One of the top priorities of the Trump administration’s response to the growing coronavirus outbreak in the United States is to ensure that there are sufficient test kits available to assess potentially sick individuals and determine if they are indeed infected with COVID-19.
The production of new test kits has been accelerated — and they are being distributed as rapidly as possible — but in the meantime, the Food and Drug Administration (FDA) has issued a rule change that allows certain types of certified clinical laboratories to develop and use their own coronavirus tests prior to obtaining full approval from the FDA, The Daily Caller reports.
Rule change to expand coronavirus testing
Previously, pursuant to a rule imposed during the Barack Obama administration, clinical diagnostic laboratories were only permitted to use tests and procedures that had already been pre-approved by the FDA.
Under an Emergency Use Authorization (EUA) necessitated by the recent public health crisis, however, the FDA announced on Saturday that it rolled back the Obama-era rule and would now permit labs certified under a set of rules referred to as Clinical Laboratory Improvement Amendments to develop and use tests of their own in the absence of test kits provided by the Centers for Disease Control and Prevention (CDC), Science magazine reported.
The change will allow such labs to use their newly developed diagnostic tests as long that the process for obtaining FDA approval has already begun, detailed records are kept of the test’s accuracy, and the FDA is kept informed of the validity of the tests before a final approval decision is made by the agency.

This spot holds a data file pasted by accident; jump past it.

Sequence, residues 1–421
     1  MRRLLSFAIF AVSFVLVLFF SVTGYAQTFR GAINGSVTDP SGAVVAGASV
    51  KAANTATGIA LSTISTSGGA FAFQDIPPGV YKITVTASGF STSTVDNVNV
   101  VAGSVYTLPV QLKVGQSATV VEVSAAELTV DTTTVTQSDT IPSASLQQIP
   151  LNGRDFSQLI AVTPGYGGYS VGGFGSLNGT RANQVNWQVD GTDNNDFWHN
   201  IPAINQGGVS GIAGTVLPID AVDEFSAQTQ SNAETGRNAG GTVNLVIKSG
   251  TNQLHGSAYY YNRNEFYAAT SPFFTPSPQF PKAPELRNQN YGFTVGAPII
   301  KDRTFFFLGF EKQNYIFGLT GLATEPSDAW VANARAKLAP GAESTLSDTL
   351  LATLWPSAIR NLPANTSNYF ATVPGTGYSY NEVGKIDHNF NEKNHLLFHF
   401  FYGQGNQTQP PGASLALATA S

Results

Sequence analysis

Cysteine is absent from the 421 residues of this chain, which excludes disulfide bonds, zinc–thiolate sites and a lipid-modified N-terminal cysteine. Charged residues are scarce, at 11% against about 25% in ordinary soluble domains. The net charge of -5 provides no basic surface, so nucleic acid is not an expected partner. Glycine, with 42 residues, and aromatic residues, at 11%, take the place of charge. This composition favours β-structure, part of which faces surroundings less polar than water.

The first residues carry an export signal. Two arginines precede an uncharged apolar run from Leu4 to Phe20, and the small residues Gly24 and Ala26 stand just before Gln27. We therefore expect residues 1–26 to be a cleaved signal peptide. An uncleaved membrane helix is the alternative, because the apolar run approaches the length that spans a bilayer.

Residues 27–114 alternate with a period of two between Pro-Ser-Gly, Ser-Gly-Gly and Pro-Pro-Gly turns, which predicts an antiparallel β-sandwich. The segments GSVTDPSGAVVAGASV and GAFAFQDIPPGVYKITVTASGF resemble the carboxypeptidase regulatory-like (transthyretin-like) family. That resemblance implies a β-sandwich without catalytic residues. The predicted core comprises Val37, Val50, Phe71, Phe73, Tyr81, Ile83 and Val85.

In a statement released in conjunction with the rule change, FDA Commissioner Stephen Hahn said he believes “this policy strikes the right balance during this public health emergency.”
“We will continue to help to ensure sound science prior to clinical testing and follow-up with the critical independent review from the FDA, while quickly expanding testing capabilities in the U.S. We are not changing our standards for issuing Emergency Use Authorizations,” he added. “This action today reflects our public health commitment to addressing critical public health needs and rapidly responding and adapting to this dynamic and evolving situation.”
The FDA rule change was noted during a press briefing at the White House on Tuesday involving Vice President Mike Pence and the coronavirus task force team, which includes Commissioner Hahn. During the briefing, Hahn discussed the manner in which labs use the CDC-distributed test, explained that private corporations are currently ramping up production of the already-approved test, and expressed his hope that labs nationwide would have ample supplies of testing kits in the very near future.
“On Saturday, you know we issued an emergency use authorization, which provided a deregulatory and — regulatory flexibility approach to what’s called LDTs, or laboratory-developed tests,” Hahn said, according to a White House transcript. “That means X hospital in whatever state, whatever county, if they’re certified, can develop their own laboratory-based test. They notify us when that occurs, and then 15 days later provide us the validation data.”
He went on: “We use the same validation criteria. These are experienced laboratories, and we’ve already heard from four laboratories around the country that they’ve developed these tests and have started using those tests. So you can see this is a layered approach to increase our capacity.”
President Donald Trump noted the FDA rule change himself during a meeting on Wednesday with airline executives to discuss the impact of the coronavirus on travel, saying, “The Obama administration made a decision on testing that turned out to be very detrimental to what we’re doing. And we undid that decision a few days ago so that the testing can take place in a much more accurate and rapid fashion.”
Indeed, hopefully, this FDA rule change and emergency flexibility will help ensure that certified clinical labs around the country are finally capable of diagnosing COVID-19 infections in a timely manner and that invaluable knowledge about the true prevalence and transmission modes of this illness can continue to be gathered.